For the nearly sixty million people living on the Italian peninsula, a labor strike is nothing new. However, when a strike starts to hamper intranational and international travel, people certainly take notice.
On Monday 11 October, over one hundred Alitalia flights were canceled amid a 24-hour general strike, according to Italian media outlets. The airline, Alitalia, has in the meantime ceased operating under its previous name and will become a part of Ita Airways.
Following the ensuing chaos, Alitalia later confirmed in a statement that they had canceled some 127 flights on Monday 11 October, with another 11 flights canceled the subsequent Tuesday 12 October.
To compensate the inconvenience, Alitalia alerted its customers that it would switch many flights to larger aircraft and also reschedule flights. They notified their clients “to check on which flight they have been rebooked by logging in to the website www.alitalia.com and entering their name, surname and booking code in ‘my flights’ sections on the homepage.
This strike, which came at the end of Alitalia’s history before its absorption by Ita Airways, marks the end of the airline’s turbulent lifetime. For years, Alitalia had sustained annual profit losses.
However, no other airlines flying in Italy reported a slew of flight cancellations as Alitalia did.
However, the strike transcended the airways and spilled into the city streets.
For fear of metro shutdowns and public transit halts, people in bustling cities like Rome and Milan chose instead to drive their cars as they feared long or impossible commutes.
On the contrary, in Milan, authorities assured citizens that all the underground metro lines were operating normally, but the increase in car traffic significantly slowed Milan’s trams.
In Rome, however, reports claimed that the metro underwent delays due to the transit strike. On Monday 11 October, the news agency Ansa reported that the C-line in Rome had closed and the A- and B-lines were operating with reduced service.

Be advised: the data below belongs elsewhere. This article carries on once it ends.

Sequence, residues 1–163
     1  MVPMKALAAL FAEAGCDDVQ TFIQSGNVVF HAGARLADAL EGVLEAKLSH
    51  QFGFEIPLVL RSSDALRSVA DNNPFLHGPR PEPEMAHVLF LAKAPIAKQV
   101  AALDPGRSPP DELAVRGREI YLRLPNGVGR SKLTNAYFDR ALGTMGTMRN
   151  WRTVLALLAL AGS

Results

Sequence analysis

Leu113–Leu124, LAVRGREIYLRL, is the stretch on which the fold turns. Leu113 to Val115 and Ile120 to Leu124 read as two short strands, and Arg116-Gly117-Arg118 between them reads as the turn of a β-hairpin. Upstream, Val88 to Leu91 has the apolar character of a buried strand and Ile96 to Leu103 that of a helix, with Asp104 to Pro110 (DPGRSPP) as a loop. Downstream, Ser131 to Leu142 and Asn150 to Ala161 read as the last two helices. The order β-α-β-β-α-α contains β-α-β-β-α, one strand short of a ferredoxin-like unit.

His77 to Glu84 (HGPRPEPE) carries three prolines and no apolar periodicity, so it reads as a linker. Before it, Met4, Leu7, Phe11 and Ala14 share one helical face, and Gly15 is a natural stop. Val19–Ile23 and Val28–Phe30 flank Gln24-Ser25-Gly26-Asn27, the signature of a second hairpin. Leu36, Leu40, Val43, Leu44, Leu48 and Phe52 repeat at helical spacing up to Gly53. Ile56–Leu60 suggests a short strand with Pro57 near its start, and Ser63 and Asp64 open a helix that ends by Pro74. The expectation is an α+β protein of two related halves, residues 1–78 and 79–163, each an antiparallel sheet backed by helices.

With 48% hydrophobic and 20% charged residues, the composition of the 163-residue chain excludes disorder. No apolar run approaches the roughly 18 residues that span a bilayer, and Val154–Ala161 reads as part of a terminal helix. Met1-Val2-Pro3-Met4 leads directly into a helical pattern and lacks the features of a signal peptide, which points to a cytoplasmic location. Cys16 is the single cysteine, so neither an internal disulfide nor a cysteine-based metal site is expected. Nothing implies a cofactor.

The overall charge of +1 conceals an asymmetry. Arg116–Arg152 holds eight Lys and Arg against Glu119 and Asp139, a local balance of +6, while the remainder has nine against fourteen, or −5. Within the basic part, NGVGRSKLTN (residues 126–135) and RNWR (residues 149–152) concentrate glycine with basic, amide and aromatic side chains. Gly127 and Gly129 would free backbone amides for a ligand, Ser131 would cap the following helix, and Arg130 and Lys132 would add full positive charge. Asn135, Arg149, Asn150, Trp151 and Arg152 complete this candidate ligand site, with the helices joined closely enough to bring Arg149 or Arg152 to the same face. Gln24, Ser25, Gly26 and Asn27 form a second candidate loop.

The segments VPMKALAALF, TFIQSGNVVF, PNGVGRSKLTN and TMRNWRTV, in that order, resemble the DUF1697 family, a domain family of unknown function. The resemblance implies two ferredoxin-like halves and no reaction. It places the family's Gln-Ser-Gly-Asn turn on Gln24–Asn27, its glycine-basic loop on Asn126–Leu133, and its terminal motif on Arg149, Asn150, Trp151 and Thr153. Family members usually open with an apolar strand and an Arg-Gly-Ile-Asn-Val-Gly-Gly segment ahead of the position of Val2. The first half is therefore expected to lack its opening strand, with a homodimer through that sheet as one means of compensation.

With demonstrations in the streets of Rome, car traffic was also rerouted to make way for the swaths of people in areas like Piazza Della Repubblica or Piazza Madonna di Loret.
With thousands of people taking to demonstrations, police in Rome stood on edge following violent out lashes at a protest against Italy’s vaccine rules and green pass (some of the toughest vaccine restrictions in the world).
Two of Italy’s other big cities, Naples and Genova, also experienced large strikes and demonstrations on the morning of Monday 11 October.
The 24-hour strike was a culmination of several groups. Italy’s unions called for the demonstrations, which included both public and private sector employees, to protest the Italian government’s labor and economic policies, such as working hours and pensions, while also demanding more funding for schools and transport.
Alitalia’s staff also protested the impending closure of the airline.
However, the unions fervently stated that their strike, which protested the lack of government interaction in their work sector, were in no way connected to protests against Italy’s green pass. They did this in an effort to refute any allegiance to the violent protests that broke out in the streets of Rome and Milan and other cities.
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